From the Desk of Ed Hume: Winter-Flowering Sasanqua Camellias

November 8, 2010 at 12:20 AM Leave a comment

I don’t know about you, but I am always looking for interesting Fall and Winter flowering plants!  Sasanqua Winter flowering camellias are one of my favorites.  Their dark glossy green leaves, interesting growth habit, and attractive Winter flowers make them a “must have” in our garden.

There are numerous varieties with single or double flowers in shades of pink, rose, red, and white.  The cut flowering branches with their bright, glossy green leaves are very popular to use in Winter floral arrangements.  Generally speaking, the flowers are much smaller and more numerous then the Spring flowering types of camellia.

Sasanqua camellias have many uses in the landscape, but they are probably most popular as container plants.  I think the main reason for this is that when planted in containers along with Winter heather, Winter pansies, and other Winter flowering plants, the container can be placed near the entry area or wherever foot traffic is heavy.  This provides beautiful Winter interest and color.  Then when the Winter flowering plants are through blooming, that container can be used in another part of the garden during the off season.

Growing heights and habits vary from stiff upright to low spreading varieties.  These various growth habits make them versatile landscape plants too.  Taller varieties are great to use in background or mid-bed plantings, while the lower ones can be used more toward the front of landscape plantings.

The main consideration in selecting a planting location is that sasanqua camellias are much like the Spring types in that they do need protection from the hot mid-day sun.  However, most tend to be a little hardier and will tolerate a bit more exposure.  Plant them in a spot where they are protected from strong winds.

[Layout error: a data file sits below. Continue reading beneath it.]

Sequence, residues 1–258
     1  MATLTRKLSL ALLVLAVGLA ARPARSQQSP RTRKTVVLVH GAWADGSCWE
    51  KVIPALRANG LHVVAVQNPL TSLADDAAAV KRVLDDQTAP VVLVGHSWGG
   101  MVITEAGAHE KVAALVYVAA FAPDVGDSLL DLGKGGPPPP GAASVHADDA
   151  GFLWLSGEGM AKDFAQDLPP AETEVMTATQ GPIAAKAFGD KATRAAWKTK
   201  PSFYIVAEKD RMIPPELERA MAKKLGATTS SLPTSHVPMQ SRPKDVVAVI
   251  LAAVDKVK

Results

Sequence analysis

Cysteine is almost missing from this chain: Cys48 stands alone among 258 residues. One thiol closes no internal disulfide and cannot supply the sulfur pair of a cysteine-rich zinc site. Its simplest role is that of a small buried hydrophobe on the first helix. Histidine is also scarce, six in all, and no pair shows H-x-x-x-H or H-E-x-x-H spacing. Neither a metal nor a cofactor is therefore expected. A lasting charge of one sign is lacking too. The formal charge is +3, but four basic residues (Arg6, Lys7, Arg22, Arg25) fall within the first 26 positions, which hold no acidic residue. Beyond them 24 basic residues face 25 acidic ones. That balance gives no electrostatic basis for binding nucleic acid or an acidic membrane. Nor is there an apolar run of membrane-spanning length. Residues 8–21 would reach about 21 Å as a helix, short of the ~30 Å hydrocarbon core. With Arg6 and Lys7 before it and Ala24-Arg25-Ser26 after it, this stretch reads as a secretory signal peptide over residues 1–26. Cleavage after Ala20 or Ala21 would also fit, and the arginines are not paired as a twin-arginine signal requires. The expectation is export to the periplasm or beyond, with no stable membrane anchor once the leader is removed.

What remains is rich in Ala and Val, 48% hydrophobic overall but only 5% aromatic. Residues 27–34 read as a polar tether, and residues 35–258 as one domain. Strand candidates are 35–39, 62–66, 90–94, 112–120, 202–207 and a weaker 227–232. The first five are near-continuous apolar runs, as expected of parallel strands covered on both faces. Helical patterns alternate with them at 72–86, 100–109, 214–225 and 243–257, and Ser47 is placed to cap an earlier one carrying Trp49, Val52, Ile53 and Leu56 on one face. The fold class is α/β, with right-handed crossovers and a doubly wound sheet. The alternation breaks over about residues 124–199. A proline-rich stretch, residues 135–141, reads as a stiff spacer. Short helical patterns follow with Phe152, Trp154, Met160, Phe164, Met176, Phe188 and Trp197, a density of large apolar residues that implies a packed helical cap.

Like other Camellias and Rhododendrons, they need to be planted right at ground level.  Make certain the top of the root ball is level with the soil surface, and if you use mulch, barely cover the top of the surface roots.  If you plant them too deep, they will grow but the plants will not flower.   They need soil that is well drained.

The best time to fertilize them is after they have finished flowering in late Winter or earliest Spring.  Use an acid or rhododendron type plant food for this job.  Be especially careful not to place the fertilizer too far under the plants or you are apt to burn the tiny feeder roots.  Improper feeding will do more harm than good.  If there is ever a need to prune the plants, it can be done when they are in bloom (using the cut branches in arrangements) or, best, immediately after flowering.

If you need a spot of color in your Winter garden, I hope you’ll visit a nursery or garden center and take a look at the interesting and beautiful sasanqua camellias.


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